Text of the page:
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Does a smartphone raise your risk of identity theft?

        Money | Scams

Biggest Smartphone Security Mistakes

The single worst security mistake you can make with a smartphone is to leave it unprotected. All smartphones allow you to password-protect the "unlock" function. Older Apple iPhones require a four-digit code, while the newer models feature fingerprint recognition. Some Android smartphones allow you to unlock the screen with a series of tap and swipe gestures [source: Chen]. Failing to password protect your phone is like leaving the front door to your house wide open with your wallet and laptop sitting on the kitchen table.

Another foolish move is to remain logged in to banking apps or other online financial accounts like PayPal or Square [source: Levin]. Today's smartphones are so powerful that you can keep multiple apps open at the same time. The danger is that you will log in to your bank account to transfer some money and tap over to IM a friend without ever closing the banking app. If a thief grabs your phone at the right time, it's like finding a signed blank check.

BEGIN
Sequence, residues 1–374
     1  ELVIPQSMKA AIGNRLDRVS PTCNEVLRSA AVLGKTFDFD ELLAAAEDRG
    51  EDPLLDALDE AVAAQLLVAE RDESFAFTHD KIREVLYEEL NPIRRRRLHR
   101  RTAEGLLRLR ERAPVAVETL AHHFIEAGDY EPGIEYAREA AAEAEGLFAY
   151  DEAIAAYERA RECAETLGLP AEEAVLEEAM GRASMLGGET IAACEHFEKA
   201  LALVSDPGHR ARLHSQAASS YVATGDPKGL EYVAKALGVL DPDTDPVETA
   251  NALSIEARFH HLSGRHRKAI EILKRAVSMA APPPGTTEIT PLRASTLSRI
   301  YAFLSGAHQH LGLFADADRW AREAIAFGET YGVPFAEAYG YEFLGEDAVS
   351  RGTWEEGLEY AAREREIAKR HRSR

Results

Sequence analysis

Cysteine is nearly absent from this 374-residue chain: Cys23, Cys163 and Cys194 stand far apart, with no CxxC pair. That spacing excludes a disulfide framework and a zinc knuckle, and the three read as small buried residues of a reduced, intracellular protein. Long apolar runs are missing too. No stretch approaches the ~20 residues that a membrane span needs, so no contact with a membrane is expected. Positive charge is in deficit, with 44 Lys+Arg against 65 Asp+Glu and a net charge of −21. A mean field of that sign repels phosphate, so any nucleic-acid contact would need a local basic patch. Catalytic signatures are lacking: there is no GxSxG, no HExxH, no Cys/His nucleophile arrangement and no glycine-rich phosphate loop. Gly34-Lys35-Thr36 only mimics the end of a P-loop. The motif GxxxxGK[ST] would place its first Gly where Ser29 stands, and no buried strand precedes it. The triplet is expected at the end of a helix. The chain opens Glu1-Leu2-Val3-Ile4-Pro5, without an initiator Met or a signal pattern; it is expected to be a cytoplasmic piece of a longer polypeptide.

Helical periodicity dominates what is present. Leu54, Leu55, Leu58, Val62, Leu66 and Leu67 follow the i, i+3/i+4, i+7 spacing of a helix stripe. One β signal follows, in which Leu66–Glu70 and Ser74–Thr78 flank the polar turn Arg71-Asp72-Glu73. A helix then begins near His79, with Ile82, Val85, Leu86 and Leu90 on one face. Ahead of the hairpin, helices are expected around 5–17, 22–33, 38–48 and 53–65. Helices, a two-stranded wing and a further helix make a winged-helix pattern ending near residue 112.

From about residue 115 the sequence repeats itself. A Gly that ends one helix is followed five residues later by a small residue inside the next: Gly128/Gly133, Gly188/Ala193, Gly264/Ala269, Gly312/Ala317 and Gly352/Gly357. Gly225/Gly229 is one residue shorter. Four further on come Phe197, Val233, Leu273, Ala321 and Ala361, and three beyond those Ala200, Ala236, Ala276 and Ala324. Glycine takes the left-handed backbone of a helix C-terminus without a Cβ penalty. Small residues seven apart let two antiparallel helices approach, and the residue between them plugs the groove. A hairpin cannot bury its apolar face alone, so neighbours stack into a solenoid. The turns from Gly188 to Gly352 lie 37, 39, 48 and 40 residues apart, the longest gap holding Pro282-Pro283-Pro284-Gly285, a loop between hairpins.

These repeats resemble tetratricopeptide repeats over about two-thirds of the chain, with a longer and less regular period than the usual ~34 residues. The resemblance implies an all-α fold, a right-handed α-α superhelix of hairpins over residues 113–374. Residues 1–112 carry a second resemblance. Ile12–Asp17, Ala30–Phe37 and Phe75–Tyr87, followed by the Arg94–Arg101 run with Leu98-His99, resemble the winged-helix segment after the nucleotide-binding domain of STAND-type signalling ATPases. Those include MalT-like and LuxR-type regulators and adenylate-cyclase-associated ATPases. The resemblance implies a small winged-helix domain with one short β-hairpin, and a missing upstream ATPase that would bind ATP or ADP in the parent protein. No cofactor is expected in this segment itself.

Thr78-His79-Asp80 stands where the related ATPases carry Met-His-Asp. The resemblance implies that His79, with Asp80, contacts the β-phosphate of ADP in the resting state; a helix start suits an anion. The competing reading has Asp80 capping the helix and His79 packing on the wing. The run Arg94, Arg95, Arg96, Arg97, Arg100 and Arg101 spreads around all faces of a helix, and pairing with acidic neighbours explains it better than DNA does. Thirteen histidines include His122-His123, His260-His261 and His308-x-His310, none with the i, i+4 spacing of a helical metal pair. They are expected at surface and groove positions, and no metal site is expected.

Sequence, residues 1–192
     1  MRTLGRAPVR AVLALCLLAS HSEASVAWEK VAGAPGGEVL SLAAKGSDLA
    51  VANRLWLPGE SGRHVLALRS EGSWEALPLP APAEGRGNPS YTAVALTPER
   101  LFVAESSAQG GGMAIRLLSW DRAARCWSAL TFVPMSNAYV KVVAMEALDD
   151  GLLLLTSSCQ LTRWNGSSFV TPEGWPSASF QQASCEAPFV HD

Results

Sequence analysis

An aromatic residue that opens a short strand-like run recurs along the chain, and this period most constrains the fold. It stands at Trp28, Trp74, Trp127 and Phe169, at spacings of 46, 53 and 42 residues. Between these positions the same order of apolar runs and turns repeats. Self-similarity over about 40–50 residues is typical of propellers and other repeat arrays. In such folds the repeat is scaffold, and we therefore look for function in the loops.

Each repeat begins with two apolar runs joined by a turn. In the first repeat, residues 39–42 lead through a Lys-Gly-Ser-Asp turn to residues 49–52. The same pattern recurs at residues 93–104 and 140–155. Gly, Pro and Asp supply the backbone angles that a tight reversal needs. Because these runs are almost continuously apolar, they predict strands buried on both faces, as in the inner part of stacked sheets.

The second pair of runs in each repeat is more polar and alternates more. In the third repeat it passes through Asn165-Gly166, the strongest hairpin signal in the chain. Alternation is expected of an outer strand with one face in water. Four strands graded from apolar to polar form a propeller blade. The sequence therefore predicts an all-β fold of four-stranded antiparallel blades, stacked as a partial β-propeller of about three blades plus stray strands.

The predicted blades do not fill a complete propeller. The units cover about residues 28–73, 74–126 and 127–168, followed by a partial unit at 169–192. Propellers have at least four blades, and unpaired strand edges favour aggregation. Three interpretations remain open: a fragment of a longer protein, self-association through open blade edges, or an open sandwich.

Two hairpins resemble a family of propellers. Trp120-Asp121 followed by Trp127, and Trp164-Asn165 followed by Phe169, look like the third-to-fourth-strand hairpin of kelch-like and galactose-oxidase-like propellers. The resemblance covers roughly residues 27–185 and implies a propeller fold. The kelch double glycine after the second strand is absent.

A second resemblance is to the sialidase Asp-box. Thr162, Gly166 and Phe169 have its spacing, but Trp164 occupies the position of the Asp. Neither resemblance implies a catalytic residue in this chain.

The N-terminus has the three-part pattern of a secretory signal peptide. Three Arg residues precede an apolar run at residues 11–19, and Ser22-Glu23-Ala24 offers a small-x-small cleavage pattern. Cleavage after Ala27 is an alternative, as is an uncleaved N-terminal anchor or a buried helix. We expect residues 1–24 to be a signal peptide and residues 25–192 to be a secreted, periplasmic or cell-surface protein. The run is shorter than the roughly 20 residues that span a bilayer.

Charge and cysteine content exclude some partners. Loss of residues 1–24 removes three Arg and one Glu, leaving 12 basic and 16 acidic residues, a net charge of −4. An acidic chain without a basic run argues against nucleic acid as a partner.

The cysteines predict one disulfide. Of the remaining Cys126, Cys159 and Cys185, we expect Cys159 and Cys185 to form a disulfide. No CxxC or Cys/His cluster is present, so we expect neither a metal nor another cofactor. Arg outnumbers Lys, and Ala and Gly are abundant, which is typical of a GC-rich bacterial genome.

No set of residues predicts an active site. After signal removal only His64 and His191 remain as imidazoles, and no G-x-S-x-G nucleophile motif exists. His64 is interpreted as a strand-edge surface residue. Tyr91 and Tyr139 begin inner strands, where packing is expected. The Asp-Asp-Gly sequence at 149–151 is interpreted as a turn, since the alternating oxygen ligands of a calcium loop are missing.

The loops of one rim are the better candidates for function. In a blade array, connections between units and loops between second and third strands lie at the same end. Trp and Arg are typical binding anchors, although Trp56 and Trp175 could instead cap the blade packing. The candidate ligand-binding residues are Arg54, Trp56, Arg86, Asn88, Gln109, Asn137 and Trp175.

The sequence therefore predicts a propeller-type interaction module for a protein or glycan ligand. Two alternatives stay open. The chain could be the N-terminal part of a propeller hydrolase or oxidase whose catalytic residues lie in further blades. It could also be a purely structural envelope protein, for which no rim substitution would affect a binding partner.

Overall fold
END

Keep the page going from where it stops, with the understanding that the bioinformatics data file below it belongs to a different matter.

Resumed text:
Public WiFi "hotspots" are a boon for mobile Web users. Sending and receiving loads of data over a cellular network can get expensive, but free WiFi is just that — free! When it comes to security, though, you get what you pay for. It's a big mistake to let your smartphone connect to any random available WiFi hotspot. Savvy hackers can spoof a WiFi connection and gain access to usernames and passwords stored on your smartphone [source: Arthur].

The ultimate bonehead smartphone security move is to save all of your critical usernames and passwords in a file on your phone. We know it's hard to remember every password for your online banking app, Amazon and Facebook. But avoid the urge to e-mail yourself a spreadsheet with all of your secret login information and then put "passwords!" as the subject of the e-mail.

Keep reading for more tips on securing your smartphone against identity fraud.


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